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FORUMS Canon Cameras, Lenses & Accessories Canon EOS Digital Cameras 
Thread started 19 Dec 2007 (Wednesday) 10:41
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2 issues with my 40D and a plea for H. E. L. P.!!!!

 
acigarnut
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Dec 19, 2007 10:41 |  #1

Hello everyone: I have upgraded to the 40D from the 20D and there are a lot of cool things here. I have two issues/questions however:

1. I noticed that the file size is actually SMALLER (3 meg/average) on the 10mp camera, while the old 20D (8mp camera) averaged about 3.5 or 4 meg. WHAT THE H@#L?

2. This is the 'biggie'. I notice that when I am in their "standard" picture style, the highlights are TOTALLY blown (even with the custom function to correct this) and the colors are TOTALLY over saturated. The only fix I have found for this is to use the "faithful" picture style and mess around with sharpening after the fact. Has anyone had this issue?

Lastly: I print a lot of 8x10s for people. I noticed on an older 1d mk2 that you could get a focus screen with two black vertical lines that in effect showed you where the crop lines are. Has anyone tried to put one of these on a 40D? Does Canon make one ? HELP!!


Canon EOS 5D mkIII and all "L" glass. Now all I need is the ability and time to use them all!!

"Don't just talk, say something."

  
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Riff ­ Raff
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Dec 19, 2007 10:47 |  #2

My overall answer for both issues: shoot in RAW format. Try out Adobe Lightroom in conjunction with the RAW images - I've never seen a need for JPEGs in the camera since I tried it. Picture styles and such only affect JPEG images.


Shawn McHorse - Shawn.McHorse.com (external link) / AustinRocky.org (external link)
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timnosenzo
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Dec 19, 2007 11:05 |  #3

acigarnut wrote in post #4534442 (external link)
I notice that when I am in their "standard" picture style, the highlights are TOTALLY blown (even with the custom function to correct this) and the colors are TOTALLY over saturated. The only fix I have found for this is to use the "faithful" picture style and mess around with sharpening after the fact. Has anyone had this issue?

Do you notice this issue on your computer or on the camera's LCD? Unfortunately my 40D's LCD doesn't accurately display colors, saturation, contrast or sharpness, but pictures on the computer look good...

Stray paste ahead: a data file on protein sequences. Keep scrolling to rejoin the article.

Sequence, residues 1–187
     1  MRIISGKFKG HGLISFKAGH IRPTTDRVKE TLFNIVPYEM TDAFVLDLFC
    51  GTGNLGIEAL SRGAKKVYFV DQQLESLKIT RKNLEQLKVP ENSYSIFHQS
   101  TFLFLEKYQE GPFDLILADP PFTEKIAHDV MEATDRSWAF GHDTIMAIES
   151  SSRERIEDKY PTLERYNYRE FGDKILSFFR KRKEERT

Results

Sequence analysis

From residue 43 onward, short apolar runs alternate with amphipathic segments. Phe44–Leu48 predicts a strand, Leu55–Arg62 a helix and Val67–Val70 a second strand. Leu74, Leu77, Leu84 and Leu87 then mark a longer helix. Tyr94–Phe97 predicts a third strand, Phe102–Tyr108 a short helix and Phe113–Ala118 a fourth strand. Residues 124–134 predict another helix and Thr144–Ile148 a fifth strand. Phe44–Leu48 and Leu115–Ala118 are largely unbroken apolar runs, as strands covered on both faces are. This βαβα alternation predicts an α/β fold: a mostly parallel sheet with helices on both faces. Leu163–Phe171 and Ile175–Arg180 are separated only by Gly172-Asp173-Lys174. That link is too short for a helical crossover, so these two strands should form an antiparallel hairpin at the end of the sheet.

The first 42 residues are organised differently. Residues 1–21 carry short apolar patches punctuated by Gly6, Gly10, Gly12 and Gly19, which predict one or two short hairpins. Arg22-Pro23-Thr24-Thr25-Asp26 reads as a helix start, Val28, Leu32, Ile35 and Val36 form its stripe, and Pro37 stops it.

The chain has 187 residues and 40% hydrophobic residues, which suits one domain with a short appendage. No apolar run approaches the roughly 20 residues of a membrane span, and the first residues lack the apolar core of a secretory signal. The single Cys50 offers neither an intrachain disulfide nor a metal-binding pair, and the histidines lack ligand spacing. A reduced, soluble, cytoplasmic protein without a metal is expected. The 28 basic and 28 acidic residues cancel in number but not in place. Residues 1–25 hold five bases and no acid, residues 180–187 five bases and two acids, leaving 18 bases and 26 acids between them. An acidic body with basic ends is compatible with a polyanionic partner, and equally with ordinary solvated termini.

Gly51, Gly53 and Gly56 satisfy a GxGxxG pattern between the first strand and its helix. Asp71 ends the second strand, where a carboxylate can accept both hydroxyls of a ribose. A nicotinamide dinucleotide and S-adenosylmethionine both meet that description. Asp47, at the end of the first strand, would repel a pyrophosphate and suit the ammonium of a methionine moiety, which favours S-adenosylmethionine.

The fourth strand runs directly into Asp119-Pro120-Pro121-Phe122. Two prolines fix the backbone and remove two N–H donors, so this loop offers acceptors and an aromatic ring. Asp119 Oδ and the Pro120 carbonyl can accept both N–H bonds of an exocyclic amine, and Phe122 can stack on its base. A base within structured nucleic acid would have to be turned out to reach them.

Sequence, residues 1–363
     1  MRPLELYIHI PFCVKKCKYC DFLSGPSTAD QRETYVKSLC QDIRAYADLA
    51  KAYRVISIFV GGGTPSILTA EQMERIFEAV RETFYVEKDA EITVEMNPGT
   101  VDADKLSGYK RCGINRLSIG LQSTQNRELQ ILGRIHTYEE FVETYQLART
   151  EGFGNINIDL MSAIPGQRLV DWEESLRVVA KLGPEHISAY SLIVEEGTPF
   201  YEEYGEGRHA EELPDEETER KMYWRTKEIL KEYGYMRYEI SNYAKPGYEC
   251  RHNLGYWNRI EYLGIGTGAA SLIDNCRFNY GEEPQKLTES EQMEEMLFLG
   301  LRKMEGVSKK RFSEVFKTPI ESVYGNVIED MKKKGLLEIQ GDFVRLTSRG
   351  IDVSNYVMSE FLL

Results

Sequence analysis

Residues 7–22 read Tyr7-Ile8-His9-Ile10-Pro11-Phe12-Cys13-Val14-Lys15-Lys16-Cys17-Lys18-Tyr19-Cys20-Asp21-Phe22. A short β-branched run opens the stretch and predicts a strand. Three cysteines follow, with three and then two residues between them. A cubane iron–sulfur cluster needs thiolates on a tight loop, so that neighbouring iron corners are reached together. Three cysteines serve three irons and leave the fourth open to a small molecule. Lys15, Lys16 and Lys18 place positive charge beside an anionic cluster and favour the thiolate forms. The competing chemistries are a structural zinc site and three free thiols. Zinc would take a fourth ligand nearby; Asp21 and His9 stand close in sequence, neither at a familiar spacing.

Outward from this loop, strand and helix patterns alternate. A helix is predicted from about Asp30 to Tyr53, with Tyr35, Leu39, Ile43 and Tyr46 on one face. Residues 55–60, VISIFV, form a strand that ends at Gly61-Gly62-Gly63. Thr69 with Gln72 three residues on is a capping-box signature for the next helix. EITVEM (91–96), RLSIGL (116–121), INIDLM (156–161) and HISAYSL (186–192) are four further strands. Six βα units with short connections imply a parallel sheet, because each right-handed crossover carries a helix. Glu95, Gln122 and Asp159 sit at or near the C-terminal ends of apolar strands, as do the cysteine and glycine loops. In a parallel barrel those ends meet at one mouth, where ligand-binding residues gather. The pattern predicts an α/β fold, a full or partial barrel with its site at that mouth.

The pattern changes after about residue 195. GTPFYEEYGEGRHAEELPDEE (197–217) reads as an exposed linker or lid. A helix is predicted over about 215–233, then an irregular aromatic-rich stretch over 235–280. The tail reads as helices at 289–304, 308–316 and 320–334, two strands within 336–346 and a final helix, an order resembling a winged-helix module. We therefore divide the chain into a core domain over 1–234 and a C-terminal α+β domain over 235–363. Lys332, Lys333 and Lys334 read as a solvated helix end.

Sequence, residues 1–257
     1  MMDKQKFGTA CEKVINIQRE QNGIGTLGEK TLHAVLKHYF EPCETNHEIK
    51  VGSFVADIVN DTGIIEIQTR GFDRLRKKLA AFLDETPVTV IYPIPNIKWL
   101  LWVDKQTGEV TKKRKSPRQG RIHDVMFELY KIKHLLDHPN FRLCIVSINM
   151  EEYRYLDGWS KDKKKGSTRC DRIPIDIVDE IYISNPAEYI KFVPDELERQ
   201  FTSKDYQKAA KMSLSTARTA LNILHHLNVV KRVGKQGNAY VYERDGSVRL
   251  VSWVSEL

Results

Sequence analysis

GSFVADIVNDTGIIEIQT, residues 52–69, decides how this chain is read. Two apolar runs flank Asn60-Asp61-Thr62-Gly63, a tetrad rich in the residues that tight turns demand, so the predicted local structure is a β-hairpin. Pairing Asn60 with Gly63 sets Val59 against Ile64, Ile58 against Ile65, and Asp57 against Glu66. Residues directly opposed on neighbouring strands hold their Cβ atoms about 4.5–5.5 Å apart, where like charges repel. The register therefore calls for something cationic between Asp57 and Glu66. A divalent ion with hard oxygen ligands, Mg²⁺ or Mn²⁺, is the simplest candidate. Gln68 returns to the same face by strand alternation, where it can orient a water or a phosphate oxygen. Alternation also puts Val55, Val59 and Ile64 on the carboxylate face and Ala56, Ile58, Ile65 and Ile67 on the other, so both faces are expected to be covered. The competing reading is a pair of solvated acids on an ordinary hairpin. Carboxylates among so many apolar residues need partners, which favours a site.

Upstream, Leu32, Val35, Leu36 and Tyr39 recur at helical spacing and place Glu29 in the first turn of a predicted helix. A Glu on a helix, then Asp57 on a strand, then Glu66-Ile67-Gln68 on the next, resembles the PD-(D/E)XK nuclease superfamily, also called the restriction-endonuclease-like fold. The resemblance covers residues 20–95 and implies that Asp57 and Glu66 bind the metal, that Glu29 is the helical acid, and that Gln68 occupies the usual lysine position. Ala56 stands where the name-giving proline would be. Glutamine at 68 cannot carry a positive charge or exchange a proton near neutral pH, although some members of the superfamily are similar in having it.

connecticut wedding photographer (external link)

  
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acigarnut
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Dec 19, 2007 11:12 |  #4

timnosenzo wrote in post #4534548 (external link)
Do you notice this issue on your computer or on the camera's LCD? Unfortunately my 40D's LCD doesn't accurately display colors, saturation, contrast or sharpness, but pictures on the computer look good...

The problem is on the computer, and thus the actual file. I know the screen is a bit "off" and I only use it for reference. The screen ROCKS by the way compared to the 20D.


Canon EOS 5D mkIII and all "L" glass. Now all I need is the ability and time to use them all!!

"Don't just talk, say something."

  
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tzalman
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Dec 19, 2007 11:24 |  #5

I think the Standard Picture Style is Canon's attempt to provide P&S type jpgs for those who like that sort of thing. If I were to shoot jpgs I would probably choose Neutral, as I do if I use DPP. Mostly I use another converter and screw the images up all by myself.

As regards the file size question, obviously they are compressing the 40D jpg more. If that bothers you the only remedy is RAW.


There are interchangable screens available for about $35, I think. You could try taking your screen out and etching or even Magic Markering it. If it doesn't work out it will only cost you 35 bucks to replace it. There was a photo tutorial on changing the screen posted on this forum a few days ago.


Elie / אלי

  
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islandboy
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Dec 19, 2007 11:46 |  #6